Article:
- Flon's Law

  8. #23
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    If you're passing an integer type to printf, you should use &#37;x, not %p.
    It is too clear and so it is hard to see.
    A dunce once searched for fire with a lighted lantern.
    Had he known what fire was,
    He could have cooked his rice much sooner.

  9. #24
    Cat without Hat CornedBee's Avatar
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    But the code is passing a pointer.
    All the buzzt!
    CornedBee

    "There is not now, nor has there ever been, nor will there ever be, any programming language in which it is the least bit difficult to write bad code."
    - Flon's Law

  10. #25
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    Quote Originally Posted by dwks View Post
    Hmm, interesting. I was fiddling with my program, and I came up with this:

    It looks like I managed to add two pointers, without using any casts! Am I missing something here?
    That's very C-ish. A c++ compiler would complain the instant you ran that program.
    In C++, void** != void*. And it could probably turn up a few other errors, as well.
    Quote Originally Posted by Adak View Post
    io.h certainly IS included in some modern compilers. It is no longer part of the standard for C, but it is nevertheless, included in the very latest Pelles C versions.
    Quote Originally Posted by Salem View Post
    You mean it's included as a crutch to help ancient programmers limp along without them having to relearn too much.

    Outside of your DOS world, your header file is meaningless.

  11. #26
    Frequently Quite Prolix dwks's Avatar
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    Edit to add: although g++ didn't compile the program at all -- "pointer of type 'void *' used in arithmetic" is an error, not a warning, to g++.
    Indeed. I only tried it with GCC . . . . I didn't even think try to it as C++, because I though ptrdiff_t was C99-only.

    In C++, void** != void*.
    I know you hate command lines, but bear with me here.
    Code:
    $ cat ppvoid.cpp
    #include <iostream>
    
    int main() {
        void *a, *b;
        a = &b;
        b = &a;
        return 0;
    }
    $ g++ -W -Wall -ansi -pedantic ppvoid.cpp -o ppvoid
    $
    No warnings at all.

    It's true that something like this is invalid
    Code:
        void *p = 0;
        void **pp = p;  // error: invalid conversion from ‘void*’ to ‘void**’
    but the code I used above compiles for some reason. Another thing:
    Code:
        void ***ppp = 0;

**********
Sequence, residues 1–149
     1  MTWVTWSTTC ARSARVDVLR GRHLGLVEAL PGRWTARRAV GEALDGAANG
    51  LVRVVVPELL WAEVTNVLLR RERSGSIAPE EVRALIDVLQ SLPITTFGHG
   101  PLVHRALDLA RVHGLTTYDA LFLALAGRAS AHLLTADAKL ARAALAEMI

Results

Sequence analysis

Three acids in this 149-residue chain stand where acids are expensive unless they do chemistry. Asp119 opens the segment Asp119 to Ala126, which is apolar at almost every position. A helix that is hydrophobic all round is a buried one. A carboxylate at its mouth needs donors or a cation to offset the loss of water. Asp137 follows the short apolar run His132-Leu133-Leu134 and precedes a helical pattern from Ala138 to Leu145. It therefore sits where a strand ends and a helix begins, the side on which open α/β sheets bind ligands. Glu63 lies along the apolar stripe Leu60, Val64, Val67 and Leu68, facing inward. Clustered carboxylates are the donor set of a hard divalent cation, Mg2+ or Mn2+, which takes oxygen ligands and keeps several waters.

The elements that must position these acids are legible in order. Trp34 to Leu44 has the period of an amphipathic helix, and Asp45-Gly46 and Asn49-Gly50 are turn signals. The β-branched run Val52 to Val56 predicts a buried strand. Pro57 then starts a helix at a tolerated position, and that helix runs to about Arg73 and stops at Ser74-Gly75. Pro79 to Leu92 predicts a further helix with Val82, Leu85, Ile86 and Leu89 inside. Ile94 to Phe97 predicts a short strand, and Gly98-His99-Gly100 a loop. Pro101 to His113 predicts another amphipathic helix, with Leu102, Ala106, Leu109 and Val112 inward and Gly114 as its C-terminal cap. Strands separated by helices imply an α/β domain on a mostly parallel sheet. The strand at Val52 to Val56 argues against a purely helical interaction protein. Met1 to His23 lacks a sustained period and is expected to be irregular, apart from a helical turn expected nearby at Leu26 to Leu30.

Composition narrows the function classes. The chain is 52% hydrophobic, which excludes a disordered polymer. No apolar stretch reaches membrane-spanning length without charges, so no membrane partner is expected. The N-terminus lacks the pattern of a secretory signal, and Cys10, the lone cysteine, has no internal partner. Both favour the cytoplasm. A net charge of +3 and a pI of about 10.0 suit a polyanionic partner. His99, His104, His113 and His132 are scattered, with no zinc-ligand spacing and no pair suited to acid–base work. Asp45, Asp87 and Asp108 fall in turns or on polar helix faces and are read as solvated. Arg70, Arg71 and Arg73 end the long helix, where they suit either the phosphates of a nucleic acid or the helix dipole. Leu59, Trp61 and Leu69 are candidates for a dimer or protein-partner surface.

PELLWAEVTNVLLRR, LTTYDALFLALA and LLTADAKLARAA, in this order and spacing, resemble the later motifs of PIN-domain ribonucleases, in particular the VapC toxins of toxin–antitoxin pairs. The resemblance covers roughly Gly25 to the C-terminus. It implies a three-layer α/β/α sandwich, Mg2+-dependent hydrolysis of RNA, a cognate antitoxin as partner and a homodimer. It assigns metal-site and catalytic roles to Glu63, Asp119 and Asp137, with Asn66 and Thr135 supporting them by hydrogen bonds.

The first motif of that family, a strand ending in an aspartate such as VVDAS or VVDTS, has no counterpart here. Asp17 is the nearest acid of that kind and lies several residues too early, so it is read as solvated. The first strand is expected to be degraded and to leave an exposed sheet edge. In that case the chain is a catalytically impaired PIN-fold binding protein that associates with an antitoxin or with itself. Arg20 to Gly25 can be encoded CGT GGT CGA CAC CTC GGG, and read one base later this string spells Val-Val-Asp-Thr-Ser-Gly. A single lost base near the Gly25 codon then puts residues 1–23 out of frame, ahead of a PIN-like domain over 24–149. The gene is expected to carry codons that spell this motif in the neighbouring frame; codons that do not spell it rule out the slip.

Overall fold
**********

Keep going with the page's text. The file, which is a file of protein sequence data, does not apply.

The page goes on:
void **pp = ppp;  // g++ doesn't like this
        void *p = pp;  // but is fine with this
    Anyway . . . .

    2) As far as the compiler is concerned, you're not adding pointers. You're subtracting pointers, yielding an integer, and you're subtracting an integer from a pointer, yielding a pointer.
    That's true.

    3) Why the complicated negate stuff?
    I have no idea.
    dwk

    Seek and ye shall find. quaere et invenies.

    "Simplicity does not precede complexity, but follows it." -- Alan Perlis
    "Testing can only prove the presence of bugs, not their absence." -- Edsger Dijkstra
    "The only real mistake is the one from which we learn nothing." -- John Powell


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  12. #27
    Cat without Hat CornedBee's Avatar
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    You can convert any pointer to void* implicitly, even in C++.
    All the buzzt!
    CornedBee

    "There is not now, nor has there ever been, nor will there ever be, any programming language in which it is the least bit difficult to write bad code."
    - Flon's Law

  13. #28
    C++まいる!Cをこわせ!
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    It seems to accept any type, even void*** -> void*. Sillyness, really.
    At least it could try to differentiate between pointer levels.
    Oh well. It's not like we use void* in C++ very often.
    (Yay for templates!)
    Quote Originally Posted by Adak View Post
    io.h certainly IS included in some modern compilers. It is no longer part of the standard for C, but it is nevertheless, included in the very latest Pelles C versions.
    Quote Originally Posted by Salem View Post
    You mean it's included as a crutch to help ancient programmers limp along without them having to relearn too much.

    Outside of your DOS world, your header file is meaningless.

  14. #29
    and the hat of sweating
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    Quote Originally Posted by Elysia View Post
    It seems to accept any type, even void*** -> void*. Sillyness, really.
    At least it could try to differentiate between pointer levels.
    Oh well. It's not like we use void* in C++ very often.
    (Yay for templates!)
    If you need to cast among unrelated pointer types, prefer casting via void* instead of using reinterpret_cast directly.

  15. #30
    C++まいる!Cをこわせ!
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    C++ casts are too long to type.
    Quote Originally Posted by Adak View Post
    io.h certainly IS included in some modern compilers. It is no longer part of the standard for C, but it is nevertheless, included in the very latest Pelles C versions.
    Quote Originally Posted by Salem View Post
    You mean it's included as a crutch to help ancient programmers limp along without them having to relearn too much.

    Outside of your DOS world, your header file is meaningless.